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Two key issues face residential owners.

The challenges of owning and managing residential real estate for any meaningful profit in New York City seem to increase every year. This is particularly true in a year when the forces of economic downturn join hands with our perennial foes, the judges of the New York City's Housing Court. Nineteen ninety-three is also an election year when everyone running for office needs to appear to be "pro-tenant.'

Our firm, which specializes in landlord tenant matters, receives numerous daily inquiries from real estate professionals seeking to understand the laws and regulations so they can maximize their bottomline while complying with applicable law. Following is a brief discussion of two issues about which we received numerous inquiries in 1992.

How to Properly Lease anti Register Preferential Rents

In the current economic climate, landlords often are forced to rent apartments for less than the legally regulated rent. Although there currently are no approved regulations by the State Division of Housing and Community Renewal (DHCR) outlining practices for landlords to follow in order to preserve the maximum legal regulated rent, it is advised that both the lower "preferential" rent and the legal regulated rent be annually registered to increase the landlord's opportunity to maintain the maximum rent. One caveat -- the preferential rent becomes the base rent for determining any increases until the next vacancy. Another option, a one-time rent concession, would be an acceptable means of lowering the effective rent for a stabilized apartment without in any way affecting the legal regulated rent. You must be certain, however, to have clear and specific language about the concession in the lease.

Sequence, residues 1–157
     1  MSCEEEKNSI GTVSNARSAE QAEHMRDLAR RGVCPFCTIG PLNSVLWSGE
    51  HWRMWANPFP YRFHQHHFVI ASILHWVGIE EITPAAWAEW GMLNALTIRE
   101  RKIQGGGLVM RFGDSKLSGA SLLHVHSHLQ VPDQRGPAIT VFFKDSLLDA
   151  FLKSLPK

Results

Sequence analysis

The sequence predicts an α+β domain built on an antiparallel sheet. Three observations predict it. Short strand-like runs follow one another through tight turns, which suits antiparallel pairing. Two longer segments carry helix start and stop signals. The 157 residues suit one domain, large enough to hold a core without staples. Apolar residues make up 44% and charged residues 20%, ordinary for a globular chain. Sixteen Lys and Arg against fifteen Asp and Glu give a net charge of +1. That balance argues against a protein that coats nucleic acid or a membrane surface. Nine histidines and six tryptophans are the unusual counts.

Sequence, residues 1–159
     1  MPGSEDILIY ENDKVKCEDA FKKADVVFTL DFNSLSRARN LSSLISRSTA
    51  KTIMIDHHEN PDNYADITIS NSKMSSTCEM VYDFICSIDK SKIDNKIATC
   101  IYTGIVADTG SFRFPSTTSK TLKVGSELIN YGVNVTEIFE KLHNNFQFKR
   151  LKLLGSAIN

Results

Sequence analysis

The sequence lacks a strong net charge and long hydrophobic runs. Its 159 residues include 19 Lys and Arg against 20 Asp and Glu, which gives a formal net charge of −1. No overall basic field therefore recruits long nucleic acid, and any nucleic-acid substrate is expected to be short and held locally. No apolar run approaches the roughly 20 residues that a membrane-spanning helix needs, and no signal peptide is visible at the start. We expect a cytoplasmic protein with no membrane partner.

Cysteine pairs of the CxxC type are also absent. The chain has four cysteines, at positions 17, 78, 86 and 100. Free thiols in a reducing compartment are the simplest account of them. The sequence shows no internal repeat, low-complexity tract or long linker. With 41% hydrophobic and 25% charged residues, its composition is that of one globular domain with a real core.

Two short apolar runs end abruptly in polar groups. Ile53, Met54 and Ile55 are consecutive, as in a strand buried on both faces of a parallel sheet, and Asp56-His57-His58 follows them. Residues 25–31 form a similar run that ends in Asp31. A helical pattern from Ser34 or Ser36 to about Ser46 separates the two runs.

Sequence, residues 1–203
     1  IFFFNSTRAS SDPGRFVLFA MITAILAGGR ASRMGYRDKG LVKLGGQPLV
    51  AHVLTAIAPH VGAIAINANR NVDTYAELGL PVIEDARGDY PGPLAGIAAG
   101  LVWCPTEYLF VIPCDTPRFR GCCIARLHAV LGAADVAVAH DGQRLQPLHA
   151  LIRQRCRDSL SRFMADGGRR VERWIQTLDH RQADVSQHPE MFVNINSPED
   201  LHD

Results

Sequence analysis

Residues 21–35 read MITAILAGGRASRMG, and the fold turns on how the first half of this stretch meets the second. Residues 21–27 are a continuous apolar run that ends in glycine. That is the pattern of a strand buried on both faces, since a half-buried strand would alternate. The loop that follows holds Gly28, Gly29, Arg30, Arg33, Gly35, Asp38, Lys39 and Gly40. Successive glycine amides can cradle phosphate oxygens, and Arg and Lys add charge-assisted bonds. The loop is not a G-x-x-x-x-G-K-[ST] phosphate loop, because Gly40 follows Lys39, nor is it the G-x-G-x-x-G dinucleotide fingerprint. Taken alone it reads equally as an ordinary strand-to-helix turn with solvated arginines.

Water Consumption Bills Ave on The Rise

The individual water metering program finds the city requiring buildings to have meters installed so billing can be based on actual water consumption, rather than building frontage. As 1992 began, the Water Board extended the window of opportunity for voluntary meter installations at buildings in the City, as well as the first year moratorium on metered bills.

Tremendous concern was expressed throughout the year by owners over the increased costs for water that individual metering will usher in, coupled with their inability to pass along this increased cost to tenants.

Various industry organizations are considering sponsorship of a lawsuit to challenge individual water metering.

The city has finally begun a formal complaint and appeals process that permits owners to challenge and have reviewed water bills that they believe are excessive. Incredibly, until this complaint and appeals process was instituted, owners had no formal procedure allowing them to challenge water bills. The appeals process involved two city agencies: The Department of Environmental Protection and the Water Bureau.
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Title Annotation:Review & Forecast, Section III; information of proper leasing and registration of preferential rents and control of water consumption charges
Author:Rudd, Mark
Publication:Real Estate Weekly
Date:Jan 27, 1993
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